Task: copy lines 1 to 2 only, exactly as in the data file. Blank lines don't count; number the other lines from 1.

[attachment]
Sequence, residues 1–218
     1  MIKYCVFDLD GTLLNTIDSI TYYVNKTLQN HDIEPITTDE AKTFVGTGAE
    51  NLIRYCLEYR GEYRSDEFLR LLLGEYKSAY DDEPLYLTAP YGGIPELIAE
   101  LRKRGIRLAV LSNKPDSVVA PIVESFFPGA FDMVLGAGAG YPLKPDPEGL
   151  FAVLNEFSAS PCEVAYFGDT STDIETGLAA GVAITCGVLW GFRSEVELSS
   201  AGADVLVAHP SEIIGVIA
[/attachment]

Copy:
Sequence, residues 1–218
     1  MIKYCVFDLD GTLLNTIDSI TYYVNKTLQN HDIEPITTDE AKTFVGTGAE